“We got a dog.” 

Other than a few incidents and accidents, Mystery was a good pup. She was quiet company while I wrote—as long as the UPS truck didn’t rumble past the house. She reminded me of the importance of taking breaks.

I started to dread the day she’d leave. Why had I agreed to foster? What was I thinking?

Eventually we got the call—Mystery’s owner couldn’t take her back. They could find her another home, or . . .

“No. We’ll keep her.” I heard myself say. “Um . . . the kids are very fond of her. My husband, too.”

Mystery looked up at me with those chocolate-brown eyes.

“She’s staying.” I sighed, pressing the phone to my ear. “I can’t part with her, either.”

Our local dachshund rescue organization calls a situation like ours a “failed foster.” Failed in the sense that the foster family got overly attached. Frankly, I don’t see failure anywhere in this equation.

Mystery has become my buddy, my muse, and my writing assistant. She takes her job seriously, to the point of delving into social media. She has her own FB page and an Instagram account, and she inspired a dog character in an upcoming novel.

Do you call that a failure? Not in my book. 

Bio: Karen Barnett is the award-winning author of Mistaken and several articles published by Guideposts and other national magazines. Her latest release is Out of the Ruins (May 2014). She
lives in Albany, Oregon, with her husband, two children, and an attention-loving dachshund named Mystery. For more information, visit her website

Wednesday, May 21, 2014

I'm sitting on my bed tonight writing this blog article on my tiny laptop. Next to my laptop is a copy of the Kanas City Daily Journal, dated Monday, April 21, 1890. Yes, it's that old, and seriously yellow and brittle. (I would probably be yellow and brittle if I were over one hundred years old, too.) Anyway, I think it's ironic to have something that old next to this modern technology.

I love old magazines and newspapers. I have framed several old papers because I like the way they look on the wall, and it keeps them safely intact. Surprisingly, there are many available for sale, and unless they are of historical significance, they are fairly inexpensive. Owning an old newspaper gives me a sense of awe. Over a hundred years ago someone bought this paper and read it. That person has been gone a long time, yet I'm holding the paper he or she read.

I don't know a lot about the Kansas City Daily Journal except that it was printed in Kansas City, obviously. But I thought I'd share a few of the articles from the front page that I found interesting. They could even be seeds for a historical novel.

An Uncle Shoots the Top of His Nephews Head Off

Chambersburg, PA., April 20. -- John Rhodes, a well-known farmer living near Green Castle, shot and instantly killed his nephew, William Rhodes, last evening during a quarrel on the farm of the former. The uncle taunted his nephew about the latter's crippled son, and the young man threatened to shoot him.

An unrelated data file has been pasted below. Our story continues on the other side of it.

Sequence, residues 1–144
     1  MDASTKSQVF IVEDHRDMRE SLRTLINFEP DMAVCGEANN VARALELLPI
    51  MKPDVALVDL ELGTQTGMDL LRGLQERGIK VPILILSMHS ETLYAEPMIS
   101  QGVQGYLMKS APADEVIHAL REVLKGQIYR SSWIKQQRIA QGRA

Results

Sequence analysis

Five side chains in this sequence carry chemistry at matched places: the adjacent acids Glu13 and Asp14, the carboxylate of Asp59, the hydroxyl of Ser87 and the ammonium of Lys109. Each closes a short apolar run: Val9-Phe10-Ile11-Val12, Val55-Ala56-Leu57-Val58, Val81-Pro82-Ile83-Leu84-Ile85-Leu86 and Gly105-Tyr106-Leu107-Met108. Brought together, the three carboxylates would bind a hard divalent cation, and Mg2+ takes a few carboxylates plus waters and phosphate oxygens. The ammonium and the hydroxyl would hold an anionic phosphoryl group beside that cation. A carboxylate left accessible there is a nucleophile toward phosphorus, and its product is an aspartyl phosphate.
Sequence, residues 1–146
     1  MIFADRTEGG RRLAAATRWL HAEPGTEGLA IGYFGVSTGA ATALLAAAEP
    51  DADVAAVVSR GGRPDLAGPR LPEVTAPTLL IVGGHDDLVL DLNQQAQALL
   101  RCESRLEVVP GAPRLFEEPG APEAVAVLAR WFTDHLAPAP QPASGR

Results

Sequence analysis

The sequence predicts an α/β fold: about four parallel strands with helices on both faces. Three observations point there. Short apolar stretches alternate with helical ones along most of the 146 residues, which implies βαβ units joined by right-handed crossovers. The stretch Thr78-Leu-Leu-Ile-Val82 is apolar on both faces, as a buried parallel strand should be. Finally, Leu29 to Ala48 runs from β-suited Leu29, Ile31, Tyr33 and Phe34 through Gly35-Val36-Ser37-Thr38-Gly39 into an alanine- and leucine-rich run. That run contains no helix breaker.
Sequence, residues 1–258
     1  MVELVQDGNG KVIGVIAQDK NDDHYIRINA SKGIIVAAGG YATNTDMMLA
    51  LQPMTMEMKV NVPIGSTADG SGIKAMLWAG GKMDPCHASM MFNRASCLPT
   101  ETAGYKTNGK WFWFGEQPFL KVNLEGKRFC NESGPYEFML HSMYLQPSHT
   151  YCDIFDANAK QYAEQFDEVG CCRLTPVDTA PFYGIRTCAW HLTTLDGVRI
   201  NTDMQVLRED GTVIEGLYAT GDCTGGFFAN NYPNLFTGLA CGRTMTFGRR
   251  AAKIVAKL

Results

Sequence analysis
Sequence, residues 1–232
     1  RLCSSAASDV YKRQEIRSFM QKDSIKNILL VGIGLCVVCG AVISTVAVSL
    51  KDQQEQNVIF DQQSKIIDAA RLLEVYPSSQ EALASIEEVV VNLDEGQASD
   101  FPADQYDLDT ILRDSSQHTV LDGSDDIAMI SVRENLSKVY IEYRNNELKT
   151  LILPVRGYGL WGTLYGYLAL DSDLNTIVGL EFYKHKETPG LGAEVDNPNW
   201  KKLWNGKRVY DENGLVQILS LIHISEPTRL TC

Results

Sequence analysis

Rhodes then stepped into the house, got his gun and fired at his nephew who was standing only six feet away. The load struck the young man fair in the forehead and blew the whole top of his head off. The uncle is now in jail here.

(I love the old timey language--fair in the forehead.)

Desperadoes Killed

Cinncinnati, April 20. -- A Commercial-Gazette special from Catlettsburg, Ky., reports the killing in West Virginia, near Pigeon creek, last Friday, of Smith Baisden, John Baisden, and William Baisden, three brothers, noted desperadoes. James Brewer, deputy sheriff, and posse attempted to arrest them and were fired upon. A battle ensued and the desperadoes were killed or mortally wounded and captured.

(Desperadoes is an old timey word, too.)

Another Female Poisoner

Pittsburg PA., April 20 -- Pretty 16-year-old Mary Stewart, of McKeesport, is under arrest on a charge of poisoning. Friday the girl cooked soup for dinner. All the family but her partook and were immediately seized with violent pains. Physicians pronounce the case as arsenical poisoning. A 4-year-old boy died yesterday and three others of the family are in a serious condition. The girl evades all questions, and stoutly declares her innocence. She says she did not eat the soup because she did not care for it.

(The title of this article is interesting. ANOTHER female poisoner--implying there are more of them. As if all sorts of females are poisoning people.)

Tuesday, May 20, 2014

“Write a book,” God said. 

Okay, not exactly. Sounds a bit too much like, “Build an ark.” But I felt the Spirit nudge me, regardless.